Surgical management of the facial nerve in craniofacial trauma and long- standing facial paralysis: Cadaver study and clinical presentations

A. K. Gosain*, H. S. Matloub

*Corresponding author for this work

Research output: Contribution to journalArticlepeer-review

3 Scopus citations

Abstract

Background and Objectives. Examination of the extratemporal branches of the facial nerve reveals several branching patterns of the facial nerve, indicating the variability in the course of the nerve. Due to such variance, injury to this nerve often accompanies facial trauma and surgical dissection for the repair of facial bone injuries, and it may result in high morbidity. Methods and Materials. A study of 12 fresh cadavers was performed to 1) review the variability in location of the extratemporal branches of the facial nerve, 2) identify the soft tissue injuries in which the facial nerve is at risk, and 3) discuss surgical options for repair. The authors identified the zygomatic and buccal and the extratemporal branches of the facial nerve. Among the five extratemporal branches, there is a significant crossover between all, except the temporal and the mandibular branches. This indicates that dissection should proceed with great caution, since injury to the temporal and marginal mandibular branches is unlikely to resolve spontaneously. The management of injuries within one year and those of longer duration is discussed. Results and/or Conclusions. Two of the 5 major branches of the extratemporal facial nerve have a high morbidity following injury. Repair should be performed within the first 72 hours. Graft, if required, should be placed in 9 to 12 months.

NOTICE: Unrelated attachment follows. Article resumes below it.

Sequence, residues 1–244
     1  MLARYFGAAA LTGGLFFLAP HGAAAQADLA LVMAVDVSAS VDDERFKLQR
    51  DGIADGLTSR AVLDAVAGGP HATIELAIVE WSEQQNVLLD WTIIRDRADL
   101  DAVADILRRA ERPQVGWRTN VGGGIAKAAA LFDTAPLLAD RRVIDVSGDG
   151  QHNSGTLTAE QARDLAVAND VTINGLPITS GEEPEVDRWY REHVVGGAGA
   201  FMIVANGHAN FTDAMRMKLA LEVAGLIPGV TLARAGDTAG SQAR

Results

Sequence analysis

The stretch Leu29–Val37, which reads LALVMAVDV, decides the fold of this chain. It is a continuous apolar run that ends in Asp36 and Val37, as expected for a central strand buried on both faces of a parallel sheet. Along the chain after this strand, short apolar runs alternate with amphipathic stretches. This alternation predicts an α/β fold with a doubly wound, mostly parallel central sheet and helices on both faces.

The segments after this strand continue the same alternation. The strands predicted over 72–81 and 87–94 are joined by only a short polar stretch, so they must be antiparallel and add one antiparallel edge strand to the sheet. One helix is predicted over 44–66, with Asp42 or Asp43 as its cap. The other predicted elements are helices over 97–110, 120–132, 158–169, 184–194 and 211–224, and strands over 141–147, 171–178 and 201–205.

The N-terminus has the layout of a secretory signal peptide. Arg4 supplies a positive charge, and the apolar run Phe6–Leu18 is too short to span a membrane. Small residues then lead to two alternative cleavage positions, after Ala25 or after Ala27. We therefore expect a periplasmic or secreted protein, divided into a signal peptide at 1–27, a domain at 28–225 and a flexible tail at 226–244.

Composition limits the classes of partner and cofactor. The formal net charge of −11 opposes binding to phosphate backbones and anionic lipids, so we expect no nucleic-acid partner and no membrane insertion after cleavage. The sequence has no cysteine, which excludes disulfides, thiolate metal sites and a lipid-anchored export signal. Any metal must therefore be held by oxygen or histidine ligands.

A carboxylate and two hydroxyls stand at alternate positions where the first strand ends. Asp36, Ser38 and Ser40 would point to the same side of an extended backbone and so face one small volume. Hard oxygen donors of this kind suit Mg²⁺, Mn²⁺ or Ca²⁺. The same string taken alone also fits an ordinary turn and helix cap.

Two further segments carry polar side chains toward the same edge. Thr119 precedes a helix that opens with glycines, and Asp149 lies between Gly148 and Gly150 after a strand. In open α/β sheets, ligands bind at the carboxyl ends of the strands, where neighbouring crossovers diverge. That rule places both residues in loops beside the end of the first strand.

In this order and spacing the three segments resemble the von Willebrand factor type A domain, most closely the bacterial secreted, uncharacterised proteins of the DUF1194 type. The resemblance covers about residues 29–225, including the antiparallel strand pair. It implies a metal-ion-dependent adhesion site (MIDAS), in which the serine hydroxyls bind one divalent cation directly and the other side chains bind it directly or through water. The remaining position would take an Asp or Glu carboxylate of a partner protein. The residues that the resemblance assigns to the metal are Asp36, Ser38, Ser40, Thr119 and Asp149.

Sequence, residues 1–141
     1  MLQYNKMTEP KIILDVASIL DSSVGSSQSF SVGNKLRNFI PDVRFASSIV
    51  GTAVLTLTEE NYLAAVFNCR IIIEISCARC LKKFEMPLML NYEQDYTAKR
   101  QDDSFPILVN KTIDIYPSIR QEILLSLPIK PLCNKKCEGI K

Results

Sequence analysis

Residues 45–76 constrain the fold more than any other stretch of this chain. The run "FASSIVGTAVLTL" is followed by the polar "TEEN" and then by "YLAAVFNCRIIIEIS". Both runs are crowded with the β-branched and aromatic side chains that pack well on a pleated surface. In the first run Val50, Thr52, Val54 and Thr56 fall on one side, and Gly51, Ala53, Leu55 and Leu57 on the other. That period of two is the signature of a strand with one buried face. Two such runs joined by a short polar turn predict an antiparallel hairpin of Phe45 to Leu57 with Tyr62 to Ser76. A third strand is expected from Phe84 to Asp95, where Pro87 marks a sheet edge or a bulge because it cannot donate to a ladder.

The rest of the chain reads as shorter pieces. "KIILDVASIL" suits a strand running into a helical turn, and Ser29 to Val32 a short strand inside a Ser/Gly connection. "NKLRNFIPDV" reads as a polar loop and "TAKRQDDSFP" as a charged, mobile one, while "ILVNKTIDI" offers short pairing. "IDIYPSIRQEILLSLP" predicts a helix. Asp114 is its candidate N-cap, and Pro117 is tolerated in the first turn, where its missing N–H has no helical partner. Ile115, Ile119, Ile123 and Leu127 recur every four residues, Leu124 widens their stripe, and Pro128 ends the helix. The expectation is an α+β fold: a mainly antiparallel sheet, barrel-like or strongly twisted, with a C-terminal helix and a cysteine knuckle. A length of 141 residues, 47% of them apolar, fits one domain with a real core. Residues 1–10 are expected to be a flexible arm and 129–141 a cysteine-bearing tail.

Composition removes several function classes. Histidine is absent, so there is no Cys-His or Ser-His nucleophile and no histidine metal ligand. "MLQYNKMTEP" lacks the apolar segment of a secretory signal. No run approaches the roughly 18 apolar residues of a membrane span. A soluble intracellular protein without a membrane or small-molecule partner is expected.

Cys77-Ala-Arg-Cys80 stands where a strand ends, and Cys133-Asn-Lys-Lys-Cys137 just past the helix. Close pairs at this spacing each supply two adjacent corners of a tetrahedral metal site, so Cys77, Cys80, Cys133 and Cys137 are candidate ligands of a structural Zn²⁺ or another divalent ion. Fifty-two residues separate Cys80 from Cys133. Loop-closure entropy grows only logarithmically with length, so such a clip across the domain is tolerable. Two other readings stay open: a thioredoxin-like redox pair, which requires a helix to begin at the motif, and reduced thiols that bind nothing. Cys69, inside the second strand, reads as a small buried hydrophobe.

Original languageEnglish (US)
Pages (from-to)29-37
Number of pages9
JournalJournal of Cranio-Maxillofacial Trauma
Volume5
Issue number1
StatePublished - May 20 1999

ASJC Scopus subject areas

  • Surgery

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